Question: Is there a genre that you love to read but don't want to write?
Ann: I love the Sookie Stackhouse novels. Funny and all about vampires, you know. But I doubt I will ever write a vampire novel. I don’t have anything to add to their mystique; they scare more than attract me.

Question: What profession other than yours would you like to attempt?
Ann: I would make an excellent Rich Bitch. It’s a full time job, but I wouldn’t mind getting up at 10 am, donning the haute couture uniform, jetting past rush hour traffic in my Maserati on my way to a five star restaurant. I’d donate freely to charity and spend money all over the place to keep the economy going.

Question: Can you tell us about your books?
Ann: Awestruck published my three book series set in Regency England. King Arthur and Merlin are not myth, but history. They are traditional Regencies with the addition of a splash of magic.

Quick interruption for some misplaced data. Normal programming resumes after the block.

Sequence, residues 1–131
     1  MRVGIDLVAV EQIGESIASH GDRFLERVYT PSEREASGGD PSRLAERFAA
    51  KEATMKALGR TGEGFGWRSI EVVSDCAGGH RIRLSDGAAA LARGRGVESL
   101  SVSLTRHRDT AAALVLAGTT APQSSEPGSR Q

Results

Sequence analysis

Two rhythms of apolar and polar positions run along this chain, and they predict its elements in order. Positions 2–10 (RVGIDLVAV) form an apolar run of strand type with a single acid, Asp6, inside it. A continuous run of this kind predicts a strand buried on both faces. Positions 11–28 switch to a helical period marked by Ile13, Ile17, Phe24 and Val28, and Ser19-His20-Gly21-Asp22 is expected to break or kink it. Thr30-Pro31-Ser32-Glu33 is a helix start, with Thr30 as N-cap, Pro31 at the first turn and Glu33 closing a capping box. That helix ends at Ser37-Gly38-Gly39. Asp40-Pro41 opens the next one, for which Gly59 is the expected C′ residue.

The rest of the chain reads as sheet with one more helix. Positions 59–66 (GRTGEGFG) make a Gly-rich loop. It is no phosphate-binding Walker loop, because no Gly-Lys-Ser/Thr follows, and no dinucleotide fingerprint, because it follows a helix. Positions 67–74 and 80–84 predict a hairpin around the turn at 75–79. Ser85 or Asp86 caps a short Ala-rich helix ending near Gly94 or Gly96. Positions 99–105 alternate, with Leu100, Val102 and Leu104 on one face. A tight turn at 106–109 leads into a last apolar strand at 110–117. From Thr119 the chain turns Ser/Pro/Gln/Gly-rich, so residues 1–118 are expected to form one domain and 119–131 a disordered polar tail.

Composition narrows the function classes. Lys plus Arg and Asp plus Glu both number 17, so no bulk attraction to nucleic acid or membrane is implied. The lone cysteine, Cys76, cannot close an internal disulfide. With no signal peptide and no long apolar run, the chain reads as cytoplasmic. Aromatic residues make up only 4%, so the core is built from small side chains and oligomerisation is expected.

Week Two

I have loved the Regency period since I was a girl and my mother introduced me to Georgette Heyer and Barbara Cartland, two of the most well-known authors of the genre. You should write what you love, right? It was natural that I begin writing my own Regency story. That book failed to find a publisher. Rather than give up, I wrote a second. The plot was missing something. It needed a spark to bring it to life. I fiddled, dithered, thought, and rewrote until I realized that making the hero a magician made the book exciting.